Post-crisis construction interest surpasses economic boom levels: Industry


  • Says bigger players have taken crisis as an opportunity to enter market
  • Points out smaller players will take time to gain confidence
  • Shares there had been a gradual increase in consumption over the past six months, largely due to consumers adjusting to new and higher price points

Sri Lanka’s construction industry, crippled by poor policies and crisis events, is bouncing back with renewed vigor, industry leaders said, as they see a surge in interest surpassing even the boom times of economic growth.

While this signals a hopeful turnaround, improvements are already being seen on the ground, they noted.

“The private sector is investing in big projects. The bigger players have taken this crisis as an opportunity to enter this market with fewer obstacles,” said Access Engineering PLC Executive Vice Chairman J.C. Joshua. 

“We are seeing private sector investments in petroleum, ports, and now renewable energy, at levels not witnessed even during economic booms. This is good.”

Public sector spending on infrastructure projects is also increasing, possibly influenced by upcoming elections. Joshua noted that with bilateral debt restructuring, the industry sees promise, as stalled projects recommence. 

“The value these stalled projects can bring is close to US$ 2.5 billion, which will have a huge positive impact on the market,” he added.

Joshua shared his views during a discussion, hosted by Capital Alliance (CAL) on Sri Lanka’s construction sector outlook, alongside Insee Cement CEO Jan Kunigk and ACL Cables PLC Chief Financial Officer Mahesh Amarasiri.

Reflecting similar sentiments, Kunigk expressed relief that the industry is recovering with the resumption of larger projects but noted it will take time for smaller builders to gain confidence.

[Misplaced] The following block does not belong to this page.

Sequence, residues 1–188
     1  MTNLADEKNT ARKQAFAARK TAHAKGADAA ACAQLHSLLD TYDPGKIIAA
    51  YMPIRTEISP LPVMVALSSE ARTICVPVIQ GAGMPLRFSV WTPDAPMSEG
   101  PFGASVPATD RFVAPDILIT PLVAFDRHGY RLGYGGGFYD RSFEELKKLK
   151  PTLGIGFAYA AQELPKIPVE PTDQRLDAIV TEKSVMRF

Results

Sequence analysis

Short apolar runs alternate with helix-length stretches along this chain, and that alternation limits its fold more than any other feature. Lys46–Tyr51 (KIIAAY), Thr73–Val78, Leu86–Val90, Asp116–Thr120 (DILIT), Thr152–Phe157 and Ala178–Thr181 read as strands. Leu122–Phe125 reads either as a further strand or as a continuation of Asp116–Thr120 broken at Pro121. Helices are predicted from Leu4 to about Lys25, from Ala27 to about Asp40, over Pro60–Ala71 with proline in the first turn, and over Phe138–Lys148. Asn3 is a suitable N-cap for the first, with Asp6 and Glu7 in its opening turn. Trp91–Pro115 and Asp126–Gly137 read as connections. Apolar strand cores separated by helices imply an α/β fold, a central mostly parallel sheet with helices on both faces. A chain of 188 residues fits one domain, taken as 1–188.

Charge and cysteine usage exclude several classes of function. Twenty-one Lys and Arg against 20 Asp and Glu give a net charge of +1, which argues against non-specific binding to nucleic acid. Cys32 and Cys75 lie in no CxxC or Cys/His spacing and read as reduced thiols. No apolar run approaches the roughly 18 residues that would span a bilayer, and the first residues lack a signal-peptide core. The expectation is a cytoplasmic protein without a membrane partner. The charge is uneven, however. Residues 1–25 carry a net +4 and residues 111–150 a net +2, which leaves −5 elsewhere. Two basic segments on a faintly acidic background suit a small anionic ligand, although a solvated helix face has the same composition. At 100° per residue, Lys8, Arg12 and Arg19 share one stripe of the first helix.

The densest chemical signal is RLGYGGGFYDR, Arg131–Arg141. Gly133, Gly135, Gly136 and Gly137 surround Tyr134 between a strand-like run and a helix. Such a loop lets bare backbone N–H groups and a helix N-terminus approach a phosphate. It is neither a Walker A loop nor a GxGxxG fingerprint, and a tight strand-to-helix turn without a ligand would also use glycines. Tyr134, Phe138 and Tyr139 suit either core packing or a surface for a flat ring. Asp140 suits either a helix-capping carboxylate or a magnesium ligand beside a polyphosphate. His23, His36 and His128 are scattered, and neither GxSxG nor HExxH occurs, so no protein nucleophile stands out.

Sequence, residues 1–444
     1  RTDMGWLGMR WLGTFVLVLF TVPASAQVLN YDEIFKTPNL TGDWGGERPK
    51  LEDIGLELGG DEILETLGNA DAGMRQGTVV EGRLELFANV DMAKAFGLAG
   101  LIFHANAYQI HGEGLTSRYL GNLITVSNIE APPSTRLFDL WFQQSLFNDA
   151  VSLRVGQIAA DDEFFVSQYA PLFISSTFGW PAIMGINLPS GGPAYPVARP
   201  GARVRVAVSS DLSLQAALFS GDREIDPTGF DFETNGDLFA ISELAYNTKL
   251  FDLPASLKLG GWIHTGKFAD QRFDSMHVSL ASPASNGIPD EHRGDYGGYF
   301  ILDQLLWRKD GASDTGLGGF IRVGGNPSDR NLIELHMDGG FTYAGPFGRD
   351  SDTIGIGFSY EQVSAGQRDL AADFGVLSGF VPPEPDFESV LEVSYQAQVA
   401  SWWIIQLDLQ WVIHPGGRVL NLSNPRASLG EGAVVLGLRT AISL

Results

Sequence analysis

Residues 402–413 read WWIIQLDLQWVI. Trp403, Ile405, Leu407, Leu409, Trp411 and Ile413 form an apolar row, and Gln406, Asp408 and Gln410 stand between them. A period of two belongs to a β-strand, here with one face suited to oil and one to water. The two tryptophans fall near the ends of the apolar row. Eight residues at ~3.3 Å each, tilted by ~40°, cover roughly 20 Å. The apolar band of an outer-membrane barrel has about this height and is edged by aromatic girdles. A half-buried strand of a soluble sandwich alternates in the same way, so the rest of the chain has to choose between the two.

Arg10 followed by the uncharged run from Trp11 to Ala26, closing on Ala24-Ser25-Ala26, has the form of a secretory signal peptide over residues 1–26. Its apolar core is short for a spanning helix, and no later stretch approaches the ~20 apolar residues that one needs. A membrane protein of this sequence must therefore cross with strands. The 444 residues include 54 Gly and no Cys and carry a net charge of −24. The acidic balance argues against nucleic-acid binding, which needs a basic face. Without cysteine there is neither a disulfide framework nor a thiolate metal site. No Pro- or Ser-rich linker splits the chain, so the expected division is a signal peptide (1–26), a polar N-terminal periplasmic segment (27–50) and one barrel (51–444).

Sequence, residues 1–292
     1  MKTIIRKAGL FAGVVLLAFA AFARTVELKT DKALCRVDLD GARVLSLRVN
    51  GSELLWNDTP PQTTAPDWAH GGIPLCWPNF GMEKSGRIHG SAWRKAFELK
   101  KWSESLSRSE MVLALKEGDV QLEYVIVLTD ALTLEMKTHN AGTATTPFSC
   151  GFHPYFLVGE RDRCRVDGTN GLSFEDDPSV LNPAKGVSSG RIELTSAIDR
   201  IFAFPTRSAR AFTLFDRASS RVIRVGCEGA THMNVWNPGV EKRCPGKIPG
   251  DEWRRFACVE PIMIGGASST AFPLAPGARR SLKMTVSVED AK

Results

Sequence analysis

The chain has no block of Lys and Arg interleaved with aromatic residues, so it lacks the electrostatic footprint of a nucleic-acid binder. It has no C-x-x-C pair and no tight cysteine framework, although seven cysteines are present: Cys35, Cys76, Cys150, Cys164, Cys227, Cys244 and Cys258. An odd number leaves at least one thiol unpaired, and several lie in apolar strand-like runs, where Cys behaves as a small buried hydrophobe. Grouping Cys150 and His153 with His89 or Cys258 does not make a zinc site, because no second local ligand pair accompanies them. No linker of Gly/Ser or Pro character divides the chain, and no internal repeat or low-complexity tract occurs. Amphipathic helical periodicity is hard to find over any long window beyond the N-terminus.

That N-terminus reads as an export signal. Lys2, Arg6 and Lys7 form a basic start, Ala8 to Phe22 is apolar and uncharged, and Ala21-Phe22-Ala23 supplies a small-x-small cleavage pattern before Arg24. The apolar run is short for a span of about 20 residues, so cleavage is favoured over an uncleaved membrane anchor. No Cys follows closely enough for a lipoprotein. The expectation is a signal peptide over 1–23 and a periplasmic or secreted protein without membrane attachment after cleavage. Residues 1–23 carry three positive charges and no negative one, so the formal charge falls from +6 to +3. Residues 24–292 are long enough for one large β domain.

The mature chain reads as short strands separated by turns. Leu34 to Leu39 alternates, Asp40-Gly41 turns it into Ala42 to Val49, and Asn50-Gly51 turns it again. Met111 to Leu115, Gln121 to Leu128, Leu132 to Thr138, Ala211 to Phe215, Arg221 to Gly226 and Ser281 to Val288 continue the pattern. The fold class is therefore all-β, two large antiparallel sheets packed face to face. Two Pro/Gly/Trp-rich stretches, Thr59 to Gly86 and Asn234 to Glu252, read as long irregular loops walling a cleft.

“Some bigger projects are coming up, but disposable income across the country is very low. Existing interest rates, although significantly lower than 12 months ago, are still not attractive enough for house builders to get a mortgage,” he said.

He pointed out that financial institutions are more selective in extending loans, but with lowered interest rates and a reduced gap between inflation and disposable income, further improvement in construction activities is expected.

Amarasiri noted a gradual increase in consumption over the past six months, attributing it to consumers adjusting to new, higher price points. 

“Consumers have seen prices increase and decrease. Now, there is price stability in the industry, and stakeholders are psychologically okay with the new price points. With lower interest rates, we see an increase in capital expenditures, especially on maintenance activities,” he said.

Despite positive developments, Amarasiri pointed out that there is still significant room for growth. 

The Construction PMI has been above 50 since December 2023, indicating an expansion of activity. However, a Central Bank report showed that while employment in the sector continues to contract, it is at a slower pace, as firms remain cautious in hiring.

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